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Rhenny's Blog:  http://community.wizards.com/user/1497701/blog

 

 

I don't understand where the notion that Rogues are skill monkeys comes from. In 2E, the Thief had a bunch of skills but just about all of them were directly related to its thiefyness. The only one that really  wasn't was Read Languauges, but that started at 5% which is trivial and hardly represents "skill mastery". In 4E, the Rogue started with a couple more trained skills than most other classes, but again that didn't consitute "skill mastery", just a slightly broader profile.

I don't see how the history of D&D suggests the Rogue should get a hamfisted mechanic that makes him better at EVERY non-combat action.
In AD&D, the rogue was the only class with a skill mechanic at all.

I missed 2e, but in 3e, the rogue got the most skill points, had a couple "rogue-only" skill abilities, and got some skill mastery effects.

In 4e, they did move away from skill monkey and towards a striker concept. But I guess 5e will back off from that.
I agree, it should not be impossible to give the rogue a unique class concept without this skill mastery.

Also, the current Rogue turns into various concepts that are very unlike a rogue combined with some odd template such as Noble (some sort of fault free social butterfly) or Priest (the best religious scholar in the land that can't get any prayers answered). Skill mastery just dont make sense for this.

By the way, I feel a constant lack of words for describing skill categories in this system? Anyone else that miss acrobatics, athletics, climb, jump or any kind of movement skill, or way to refer to these skills/checks in 5E?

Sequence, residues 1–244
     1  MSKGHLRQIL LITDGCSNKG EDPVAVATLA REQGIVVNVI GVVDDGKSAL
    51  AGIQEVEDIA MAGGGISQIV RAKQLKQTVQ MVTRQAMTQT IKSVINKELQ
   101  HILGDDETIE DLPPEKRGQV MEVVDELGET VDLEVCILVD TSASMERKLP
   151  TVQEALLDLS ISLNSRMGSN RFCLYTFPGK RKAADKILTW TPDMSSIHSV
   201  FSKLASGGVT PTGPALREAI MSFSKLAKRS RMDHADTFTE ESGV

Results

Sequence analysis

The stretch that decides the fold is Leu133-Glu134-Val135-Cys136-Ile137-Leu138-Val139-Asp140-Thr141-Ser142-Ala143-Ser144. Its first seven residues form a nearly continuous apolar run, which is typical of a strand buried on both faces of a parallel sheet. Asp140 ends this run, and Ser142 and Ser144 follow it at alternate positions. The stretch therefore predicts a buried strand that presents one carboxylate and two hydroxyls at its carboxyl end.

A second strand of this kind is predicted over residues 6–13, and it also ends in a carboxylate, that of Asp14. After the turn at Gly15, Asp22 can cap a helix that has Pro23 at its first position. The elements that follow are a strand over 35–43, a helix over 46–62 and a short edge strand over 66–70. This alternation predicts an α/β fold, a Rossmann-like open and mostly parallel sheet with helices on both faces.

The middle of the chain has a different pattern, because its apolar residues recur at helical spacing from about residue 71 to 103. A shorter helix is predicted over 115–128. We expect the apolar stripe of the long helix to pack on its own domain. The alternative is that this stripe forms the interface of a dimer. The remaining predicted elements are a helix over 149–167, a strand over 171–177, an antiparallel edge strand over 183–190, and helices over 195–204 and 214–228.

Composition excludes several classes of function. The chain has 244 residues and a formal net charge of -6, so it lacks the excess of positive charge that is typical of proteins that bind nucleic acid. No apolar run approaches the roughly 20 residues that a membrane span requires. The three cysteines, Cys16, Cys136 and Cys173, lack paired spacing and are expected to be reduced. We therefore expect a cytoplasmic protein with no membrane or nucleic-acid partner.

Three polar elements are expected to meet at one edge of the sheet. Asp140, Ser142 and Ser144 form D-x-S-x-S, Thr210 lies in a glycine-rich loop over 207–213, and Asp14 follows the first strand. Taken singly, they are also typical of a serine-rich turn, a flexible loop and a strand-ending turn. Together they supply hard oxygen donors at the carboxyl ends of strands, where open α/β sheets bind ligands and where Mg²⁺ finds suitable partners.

Strength or Dex checks covers all the athletics acrobatics jump tumble etc... at the moment.
Simple solution: add Fighter's CS dice to the class, but use them mostly just for sneak attack and skill checks.
Strength or Dex checks covers all the athletics acrobatics jump tumble etc... at the moment.



Yes, but they also covers checks totally unrelated to movement, such as lifting heavy loads.
I find this crippling.
In AD&D, the rogue was the only class with a skill mechanic at all.


But what were those skills? Were they just thief stuff like Hide in Shadows and Pick Lock?
Yes, basically, and you distributed a percentage chance of success on them.

Hmm.. I kind of miss Use Magic Device...   can't this be included in the new Rogue concept?
I think the key is what the definition of the rogue is:

Is the rogue the skilled expert class or the tricky nimble cheater class?

If the rogue's major trait is being a skiled expert and a master of their crafts, then the rogue should rarely fail anything but the hardest checks?

If the rogue's major traits are being a cheat and having knowledge of some tricks, then rogue are just a bit better than most and skill mastery is too much.

Orzel, Halfelven son of Zel, Mystic Ranger, Bane to Dragons, Death to Undeath, Killer of Abyssals, King of the Wilds. Constitution Based Class for Next!

Also, the current Rogue turns into various concepts that are very unlike a rogue combined with some odd template such as Noble (some sort of fault free social butterfly) or Priest (the best religious scholar in the land that can't get any prayers answered). Skill mastery just dont make sense for this.


Right. In the 2E Thieves Handbook there were a bunch of different builds offered and not all of them were thieves. Backgrounds like Bounty Hunter, Buccaneer, Smuggler and Swashbuckler were included, all of which fit nicely under the broad heading of "Rogue". Yet, I don't see how Skill Mastery is appropriate for any of them. The 5E Rogue should embrace the broad possibilites the class presents, instead of simply saying "we'll make him the super-skill guy beceause we have to give him something".